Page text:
Austin's pre-dawn sky was lit by the fire blazing at the Texas Governor's Mansion on June 8.
Authorities believe the fire that heavily damaged the Texas Governor's Mansion in Austin last Sunday was the work of an arsonist.
The Houston Chronicle reported June 11 that a security video shows a shadowy figure hurling an object at the front door followed by an immediate burst of flames.
About 100 firefighters battled the fire for several hours after it was discovered by passers-by about 1:45 a.m. Sunday, June 8. Built in 1856, the Greek Revival-style home was the oldest gubernatorial residence in continuous use west of the Mississippi. It is designated as a National Historic Landmark.
No one was injured in the four-alarm fire, and all of the home's antiques and relics were in storage while the mansion underwent extensive renovations. Gov. Rick Perry and his wife, Anita, have been living in an Austin-area rental home since October.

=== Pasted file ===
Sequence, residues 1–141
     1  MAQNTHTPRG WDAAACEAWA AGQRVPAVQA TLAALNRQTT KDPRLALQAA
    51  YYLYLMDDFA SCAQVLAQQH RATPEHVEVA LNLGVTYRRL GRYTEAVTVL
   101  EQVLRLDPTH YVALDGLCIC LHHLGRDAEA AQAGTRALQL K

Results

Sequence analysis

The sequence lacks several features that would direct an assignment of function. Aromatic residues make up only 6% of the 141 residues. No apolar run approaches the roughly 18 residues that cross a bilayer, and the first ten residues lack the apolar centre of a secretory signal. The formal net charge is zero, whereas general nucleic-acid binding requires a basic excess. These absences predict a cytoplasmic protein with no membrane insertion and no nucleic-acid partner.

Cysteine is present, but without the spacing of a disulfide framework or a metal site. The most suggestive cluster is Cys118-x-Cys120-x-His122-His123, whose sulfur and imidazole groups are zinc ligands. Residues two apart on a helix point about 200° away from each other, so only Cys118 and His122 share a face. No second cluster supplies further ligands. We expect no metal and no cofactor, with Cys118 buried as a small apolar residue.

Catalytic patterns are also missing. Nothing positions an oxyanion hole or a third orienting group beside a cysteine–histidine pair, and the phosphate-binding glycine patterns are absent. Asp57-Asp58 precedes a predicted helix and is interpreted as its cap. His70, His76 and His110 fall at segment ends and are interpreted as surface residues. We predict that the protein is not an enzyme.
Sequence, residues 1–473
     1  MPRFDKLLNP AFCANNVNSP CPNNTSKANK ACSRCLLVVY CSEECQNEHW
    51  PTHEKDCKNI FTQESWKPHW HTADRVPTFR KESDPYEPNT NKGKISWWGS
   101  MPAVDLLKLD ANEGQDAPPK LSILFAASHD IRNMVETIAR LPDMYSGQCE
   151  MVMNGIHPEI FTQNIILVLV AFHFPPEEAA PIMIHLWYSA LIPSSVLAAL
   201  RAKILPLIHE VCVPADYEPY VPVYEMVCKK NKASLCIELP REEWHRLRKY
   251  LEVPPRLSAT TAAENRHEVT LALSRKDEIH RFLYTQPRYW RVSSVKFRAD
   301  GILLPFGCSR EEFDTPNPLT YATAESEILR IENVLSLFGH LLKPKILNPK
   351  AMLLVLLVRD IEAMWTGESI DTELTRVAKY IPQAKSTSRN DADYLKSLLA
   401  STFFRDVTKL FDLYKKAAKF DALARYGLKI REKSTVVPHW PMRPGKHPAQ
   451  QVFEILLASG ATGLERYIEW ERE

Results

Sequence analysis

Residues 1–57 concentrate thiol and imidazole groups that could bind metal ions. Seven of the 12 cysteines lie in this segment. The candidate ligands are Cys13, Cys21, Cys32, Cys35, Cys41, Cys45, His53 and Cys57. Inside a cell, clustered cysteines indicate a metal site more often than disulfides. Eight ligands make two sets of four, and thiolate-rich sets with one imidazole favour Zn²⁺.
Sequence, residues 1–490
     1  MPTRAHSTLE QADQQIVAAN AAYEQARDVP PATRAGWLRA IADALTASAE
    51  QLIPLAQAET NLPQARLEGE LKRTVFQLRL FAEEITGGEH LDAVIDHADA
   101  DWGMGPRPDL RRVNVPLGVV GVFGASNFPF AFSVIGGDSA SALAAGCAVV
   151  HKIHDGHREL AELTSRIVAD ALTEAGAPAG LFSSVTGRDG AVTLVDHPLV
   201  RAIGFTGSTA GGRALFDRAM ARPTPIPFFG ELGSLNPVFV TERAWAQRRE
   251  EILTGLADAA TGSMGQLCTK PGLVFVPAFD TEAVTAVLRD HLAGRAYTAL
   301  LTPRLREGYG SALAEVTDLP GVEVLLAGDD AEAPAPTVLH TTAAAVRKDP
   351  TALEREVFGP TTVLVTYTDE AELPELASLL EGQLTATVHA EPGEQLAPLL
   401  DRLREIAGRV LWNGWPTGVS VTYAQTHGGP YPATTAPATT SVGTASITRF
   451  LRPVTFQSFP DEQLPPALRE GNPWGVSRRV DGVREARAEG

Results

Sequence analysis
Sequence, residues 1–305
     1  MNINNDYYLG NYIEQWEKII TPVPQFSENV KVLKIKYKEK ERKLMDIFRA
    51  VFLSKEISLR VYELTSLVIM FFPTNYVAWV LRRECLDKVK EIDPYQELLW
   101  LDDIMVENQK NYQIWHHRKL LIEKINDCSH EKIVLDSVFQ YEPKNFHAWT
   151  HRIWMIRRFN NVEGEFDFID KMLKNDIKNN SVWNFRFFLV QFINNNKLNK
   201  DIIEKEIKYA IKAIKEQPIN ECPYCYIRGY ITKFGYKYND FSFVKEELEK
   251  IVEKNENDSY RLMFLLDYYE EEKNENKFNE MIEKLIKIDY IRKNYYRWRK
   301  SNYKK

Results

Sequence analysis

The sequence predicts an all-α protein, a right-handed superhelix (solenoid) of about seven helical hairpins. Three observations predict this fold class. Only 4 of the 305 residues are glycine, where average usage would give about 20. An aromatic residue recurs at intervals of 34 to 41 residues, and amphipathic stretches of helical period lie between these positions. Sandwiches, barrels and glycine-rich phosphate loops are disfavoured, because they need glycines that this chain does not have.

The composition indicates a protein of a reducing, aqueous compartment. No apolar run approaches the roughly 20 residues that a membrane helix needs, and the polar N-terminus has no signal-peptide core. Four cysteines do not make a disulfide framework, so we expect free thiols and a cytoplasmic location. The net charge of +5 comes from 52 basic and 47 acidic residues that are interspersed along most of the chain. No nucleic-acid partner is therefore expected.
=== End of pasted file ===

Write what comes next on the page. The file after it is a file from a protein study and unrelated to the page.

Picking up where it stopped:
"I have seen many things in my time as governor, but few sights have left a deeper impression on me than the charred remains of this genuine Texas treasure standing behind me," Gov. Perry said at a press conference. "As I consider what was done to this once-majestic home, my heart aches beyond words."
Perry, who was in Europe on a trade mission when the mansion burned, said he wants to see it rebuilt and that his wife, Anita, will likely have an active role in raising money for that effort.
The fire caused heavy damage to the second floor, ceilings, walls and the grand staircase.
Texas' fifth Governor, Elisha Marshall Pease, his wife, Lucadia, and their daughters became the Mansion's first residents. The massive mahogany four-poster bed located in the southeast bedroom belonged to Sam Houston.
"As a Texan, I am angry that a part of my state's heritage has been attacked," Perry said "I cannot begin to understand what would motivate someone to do this, but I do know that they will be caught, and they will be prosecuted for what they have done."